On Thursday evening, the New York Times published a news story detailing the tension within the White House as President Trump considered firing James B. Comey as FBI director. When Trump did so in May, it triggered precisely what the president had hoped to avoid: a more focused investigation of the Trump campaign’s interactions with Russian actors during the 2016 presidential election.
In light of that new report, we’ve built out a timeline of Trump’s interactions with Comey and other significant individuals related to the relationship between the two. Extending back four years, it helps contextualize how Donald Trump as a candidate and then as president viewed Comey and the FBI’s investigations into Hillary Clinton and the Trump campaign.
Sep. 4, 2013
Comey assumes his position as director of the FBI, replacing outgoing director Robert S. Mueller III.
March 2, 2015
The New York Times reports that Hillary Clinton exclusively used a private email server as secretary of state.
Donald Trump announces his candidacy for the presidency.
The FBI opens an investigation into Clinton’s handling of classified material, code-named “Midyear.” It centers on the information that was shared using her private email server.
July 5, 2016
Comey speaks publicly about the investigation, saying that he and the FBI would not recommend charges against Clinton but that she was “extremely careless” in her handling of classified information.
Trump tweets shortly afterward.
Comey and the FBI become frequent punching bags for Trump on the campaign trail.
At some point this month, the FBI opens a counterintelligence investigation into Russian meddling in the ongoing presidential election. It includes consideration of whether officials from within the Trump campaign team have been working with Russian actors to influence the outcome.
The investigation was apparently triggered when the FBI was tipped off by an Australian official that Trump foreign policy aide George Papadopoulos had mentioned that the Russians were in possession of emails incriminating the Clinton campaign a few months prior. Emails stolen from the Democratic National Committee were released beginning in June.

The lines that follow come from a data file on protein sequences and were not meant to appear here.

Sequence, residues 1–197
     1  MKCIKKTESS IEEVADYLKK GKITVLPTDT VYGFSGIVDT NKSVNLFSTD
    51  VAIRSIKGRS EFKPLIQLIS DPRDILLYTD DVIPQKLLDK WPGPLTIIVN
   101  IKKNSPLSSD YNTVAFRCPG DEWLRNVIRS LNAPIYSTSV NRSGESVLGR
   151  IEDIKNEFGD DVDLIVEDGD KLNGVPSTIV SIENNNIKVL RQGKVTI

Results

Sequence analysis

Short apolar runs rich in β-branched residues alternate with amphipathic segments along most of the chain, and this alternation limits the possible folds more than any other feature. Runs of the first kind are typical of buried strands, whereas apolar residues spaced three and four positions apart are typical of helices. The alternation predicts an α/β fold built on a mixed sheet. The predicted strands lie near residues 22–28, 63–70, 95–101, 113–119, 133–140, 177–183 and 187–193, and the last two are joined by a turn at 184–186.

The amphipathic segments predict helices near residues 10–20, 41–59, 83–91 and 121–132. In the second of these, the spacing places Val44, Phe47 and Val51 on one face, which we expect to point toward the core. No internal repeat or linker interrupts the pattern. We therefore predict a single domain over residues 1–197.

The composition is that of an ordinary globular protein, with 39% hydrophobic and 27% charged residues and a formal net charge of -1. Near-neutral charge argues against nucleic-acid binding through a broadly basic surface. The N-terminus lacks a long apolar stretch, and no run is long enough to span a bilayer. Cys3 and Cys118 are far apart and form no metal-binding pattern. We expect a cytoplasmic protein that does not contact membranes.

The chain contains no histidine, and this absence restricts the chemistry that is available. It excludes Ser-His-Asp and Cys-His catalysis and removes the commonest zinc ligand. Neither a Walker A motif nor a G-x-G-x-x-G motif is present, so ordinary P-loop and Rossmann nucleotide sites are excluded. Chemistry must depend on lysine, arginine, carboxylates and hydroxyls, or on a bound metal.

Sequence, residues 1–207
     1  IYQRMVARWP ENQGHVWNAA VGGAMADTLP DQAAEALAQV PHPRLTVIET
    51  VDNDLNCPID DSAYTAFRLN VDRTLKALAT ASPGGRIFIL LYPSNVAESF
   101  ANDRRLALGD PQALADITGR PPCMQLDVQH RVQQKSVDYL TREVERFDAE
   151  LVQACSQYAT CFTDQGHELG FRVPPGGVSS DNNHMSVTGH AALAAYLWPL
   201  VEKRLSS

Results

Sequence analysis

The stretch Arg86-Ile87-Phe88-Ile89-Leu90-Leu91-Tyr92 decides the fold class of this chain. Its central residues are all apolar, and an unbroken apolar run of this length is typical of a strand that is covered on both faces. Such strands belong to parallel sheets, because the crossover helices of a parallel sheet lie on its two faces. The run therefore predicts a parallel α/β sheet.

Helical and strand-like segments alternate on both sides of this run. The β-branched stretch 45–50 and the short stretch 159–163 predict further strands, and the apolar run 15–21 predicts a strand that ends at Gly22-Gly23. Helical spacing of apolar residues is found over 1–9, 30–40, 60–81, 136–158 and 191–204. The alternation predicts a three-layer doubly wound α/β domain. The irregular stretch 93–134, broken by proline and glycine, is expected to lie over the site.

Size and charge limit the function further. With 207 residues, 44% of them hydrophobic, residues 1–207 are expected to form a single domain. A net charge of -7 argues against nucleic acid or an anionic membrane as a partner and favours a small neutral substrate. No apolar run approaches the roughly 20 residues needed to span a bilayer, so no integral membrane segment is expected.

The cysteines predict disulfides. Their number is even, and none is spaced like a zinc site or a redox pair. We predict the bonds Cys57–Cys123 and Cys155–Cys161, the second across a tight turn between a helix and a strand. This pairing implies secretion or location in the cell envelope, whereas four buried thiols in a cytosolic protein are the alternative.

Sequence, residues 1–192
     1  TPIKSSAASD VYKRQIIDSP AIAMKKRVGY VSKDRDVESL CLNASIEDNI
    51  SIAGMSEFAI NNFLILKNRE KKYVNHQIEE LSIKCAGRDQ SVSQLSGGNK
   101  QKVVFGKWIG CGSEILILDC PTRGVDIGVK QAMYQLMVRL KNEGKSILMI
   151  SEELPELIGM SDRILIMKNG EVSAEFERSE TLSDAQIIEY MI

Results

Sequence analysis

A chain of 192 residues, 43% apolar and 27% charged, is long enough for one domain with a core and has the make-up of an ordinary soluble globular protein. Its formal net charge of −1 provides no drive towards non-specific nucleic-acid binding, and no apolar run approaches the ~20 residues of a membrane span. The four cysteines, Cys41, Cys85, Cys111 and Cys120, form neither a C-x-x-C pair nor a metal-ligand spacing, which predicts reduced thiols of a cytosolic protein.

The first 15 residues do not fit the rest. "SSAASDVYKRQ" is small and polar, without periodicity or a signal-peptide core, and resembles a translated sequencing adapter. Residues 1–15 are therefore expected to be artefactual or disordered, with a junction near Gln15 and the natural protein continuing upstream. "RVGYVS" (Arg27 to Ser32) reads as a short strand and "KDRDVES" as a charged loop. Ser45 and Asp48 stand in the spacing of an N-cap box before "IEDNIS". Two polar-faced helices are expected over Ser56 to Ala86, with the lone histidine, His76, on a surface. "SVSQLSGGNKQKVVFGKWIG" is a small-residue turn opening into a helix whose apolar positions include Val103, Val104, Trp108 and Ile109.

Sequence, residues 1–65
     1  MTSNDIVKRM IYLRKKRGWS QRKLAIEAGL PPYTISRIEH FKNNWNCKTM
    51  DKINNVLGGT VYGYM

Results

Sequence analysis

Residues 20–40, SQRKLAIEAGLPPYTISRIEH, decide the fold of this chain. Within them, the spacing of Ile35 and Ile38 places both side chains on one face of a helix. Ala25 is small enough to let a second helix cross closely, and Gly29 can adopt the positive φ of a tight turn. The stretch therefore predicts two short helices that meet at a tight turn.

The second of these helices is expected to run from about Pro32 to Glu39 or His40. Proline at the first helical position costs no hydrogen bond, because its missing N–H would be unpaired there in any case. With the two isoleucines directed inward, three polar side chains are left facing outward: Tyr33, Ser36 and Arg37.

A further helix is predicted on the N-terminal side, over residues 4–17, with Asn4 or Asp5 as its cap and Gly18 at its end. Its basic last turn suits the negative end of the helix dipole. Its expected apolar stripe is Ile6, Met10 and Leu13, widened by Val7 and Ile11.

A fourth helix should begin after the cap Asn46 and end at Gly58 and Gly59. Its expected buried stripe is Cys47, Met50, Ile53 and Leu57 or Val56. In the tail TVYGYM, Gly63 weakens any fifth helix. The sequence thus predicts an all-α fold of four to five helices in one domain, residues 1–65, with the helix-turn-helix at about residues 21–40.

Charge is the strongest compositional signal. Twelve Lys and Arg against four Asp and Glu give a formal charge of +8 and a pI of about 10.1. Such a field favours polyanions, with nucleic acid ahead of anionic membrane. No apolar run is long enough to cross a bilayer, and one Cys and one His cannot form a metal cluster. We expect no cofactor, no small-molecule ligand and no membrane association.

The FBI begins investigating former New York congressman Anthony Weiner’s sexually explicit communications with an underage girl. As part of that investigation, they obtain a laptop used by Weiner and his wife, Huma Abedin, a senior aide to Clinton.
Trump tweets about Comey.
Comey sends a letter to Congress informing them that the FBI had discovered “emails that appear to be pertinent to the investigation” into Clinton’s server. Those emails, it turns out, had been found on the Abedin-Weiner laptop.
Trump tweeted about the development.
In a speech in Iowa that night, he addressed the development.
“What happened today, starting with the FBI — maybe the system will become a little less rigged,” he said to applause. “Beautiful.”
At a rally in Phoenix, Trump praises Comey.
“I have to tell you, I respect the fact that Director Comey was able to come back after what he did,” he said. “I respect that very much. And when the other side is complaining and complaining and complaining, there was no — there was reason for it, because all of the crimes that were committed, something should have happened then, not now.”
The FBI completes its review of the newly discovered emails and announces that its conclusions about pressing charges against Clinton haven’t changed. In a speech, Trump resumes his disparagement of the “rigged system.”
Trump wins the presidential election.
Michael Flynn, tapped by Trump to serve as his national security adviser, calls Russian Ambassador Sergey Kislyak to discuss how Russia plans to respond to sanctions being imposed by the Obama administration.
Jan. 6, 2017
Comey and other officials travel to Trump Tower to brief President-elect Trump on a report assessing the role of Russia in the 2016 election. This is the first time Comey and Trump meet. Comey informs Trump that he isn’t personally under investigation as part of the bureau’s counterintelligence case.